The Bank of Thailand and Hong Kong’s central bank announced they have made progress in their plans to issue a central bank digital currency (CBDC) that will make payments between the two countries more efficient.
In recent times, different countries around the world have shown interest in exploring CBDCs, including China, and a few others. Now, the central banks of Thailand and Hong Kong released reports confirming the possibility of using CBDC to make cross border payments more efficient, not to mention cheaper, with lower risks and more transparent.
“Many central banks around the world are looking into building CBDCs, traditional money but in digital form. They would differ from cryptocurrencies like Bitcoin which are produced by solving complex math puzzles, and governed by disparate online communities instead of a centralised body,” Colin Pou, executive director of the Hong Kong Monetary Authority (HKMA), said.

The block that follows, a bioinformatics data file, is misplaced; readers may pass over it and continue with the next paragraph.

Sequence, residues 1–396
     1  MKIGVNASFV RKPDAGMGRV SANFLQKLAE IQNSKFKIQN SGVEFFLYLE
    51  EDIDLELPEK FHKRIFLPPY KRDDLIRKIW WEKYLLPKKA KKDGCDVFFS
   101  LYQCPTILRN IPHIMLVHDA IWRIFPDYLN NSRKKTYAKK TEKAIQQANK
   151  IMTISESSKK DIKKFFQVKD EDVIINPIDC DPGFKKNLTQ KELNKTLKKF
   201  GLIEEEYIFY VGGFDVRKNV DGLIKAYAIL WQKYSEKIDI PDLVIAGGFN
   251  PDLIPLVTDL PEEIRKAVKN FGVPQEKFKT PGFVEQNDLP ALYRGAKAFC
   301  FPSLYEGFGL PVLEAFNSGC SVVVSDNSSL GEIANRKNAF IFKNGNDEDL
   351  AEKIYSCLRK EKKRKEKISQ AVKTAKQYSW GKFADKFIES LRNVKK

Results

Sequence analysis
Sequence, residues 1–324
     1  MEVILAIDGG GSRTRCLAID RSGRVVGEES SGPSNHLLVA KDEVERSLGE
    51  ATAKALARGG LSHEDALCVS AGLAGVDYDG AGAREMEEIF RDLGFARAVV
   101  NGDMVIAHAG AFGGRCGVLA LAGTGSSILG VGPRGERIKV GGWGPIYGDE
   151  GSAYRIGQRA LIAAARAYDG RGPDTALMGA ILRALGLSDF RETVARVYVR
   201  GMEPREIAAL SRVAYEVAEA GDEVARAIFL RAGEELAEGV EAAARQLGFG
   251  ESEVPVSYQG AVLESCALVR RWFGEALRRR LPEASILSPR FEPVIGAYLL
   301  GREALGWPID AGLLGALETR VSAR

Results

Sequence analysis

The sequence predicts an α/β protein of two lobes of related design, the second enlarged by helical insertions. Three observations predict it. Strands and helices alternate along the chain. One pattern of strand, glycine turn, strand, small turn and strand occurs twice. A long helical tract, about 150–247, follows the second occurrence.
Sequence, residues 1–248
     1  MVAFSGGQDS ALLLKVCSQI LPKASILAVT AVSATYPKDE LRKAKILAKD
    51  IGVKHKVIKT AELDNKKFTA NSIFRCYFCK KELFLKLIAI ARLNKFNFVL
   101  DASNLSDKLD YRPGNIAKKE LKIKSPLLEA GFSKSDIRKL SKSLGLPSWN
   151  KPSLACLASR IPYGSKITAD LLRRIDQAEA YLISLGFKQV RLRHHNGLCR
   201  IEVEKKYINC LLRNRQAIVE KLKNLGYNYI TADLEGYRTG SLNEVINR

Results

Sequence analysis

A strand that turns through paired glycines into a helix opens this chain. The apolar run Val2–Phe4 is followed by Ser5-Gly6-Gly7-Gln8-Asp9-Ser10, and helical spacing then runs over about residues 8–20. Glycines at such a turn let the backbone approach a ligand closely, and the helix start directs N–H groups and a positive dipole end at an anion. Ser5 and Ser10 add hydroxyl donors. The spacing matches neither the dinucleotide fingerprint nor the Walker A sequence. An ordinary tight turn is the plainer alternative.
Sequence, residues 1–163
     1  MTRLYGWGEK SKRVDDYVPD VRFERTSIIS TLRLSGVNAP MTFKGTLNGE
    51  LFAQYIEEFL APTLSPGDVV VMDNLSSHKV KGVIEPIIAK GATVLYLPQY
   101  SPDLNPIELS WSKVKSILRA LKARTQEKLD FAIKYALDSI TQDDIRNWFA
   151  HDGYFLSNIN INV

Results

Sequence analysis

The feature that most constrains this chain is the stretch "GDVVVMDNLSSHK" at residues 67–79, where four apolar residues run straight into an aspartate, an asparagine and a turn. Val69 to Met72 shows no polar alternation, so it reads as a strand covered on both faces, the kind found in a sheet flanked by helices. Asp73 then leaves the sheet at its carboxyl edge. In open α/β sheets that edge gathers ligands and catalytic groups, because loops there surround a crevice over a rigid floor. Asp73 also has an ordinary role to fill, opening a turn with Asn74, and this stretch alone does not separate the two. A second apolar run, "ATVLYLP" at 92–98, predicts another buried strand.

Notably, Pou admitted that the HKMA initially concluded that there was no need to utilize a CBDC for payments in Hong Kong, saying they believed the nation’s existing structure was already very efficient. However, he said CBDCs could be used to streamline cross border payments, which are currently inefficient and costly.
Previous studies carried out concerning the CBDC focused on the technical challenges of using CBDCs for cross border payments. But, the latest report concentrated on practical issues like foreign exchange pricing and the impact on liquidity.
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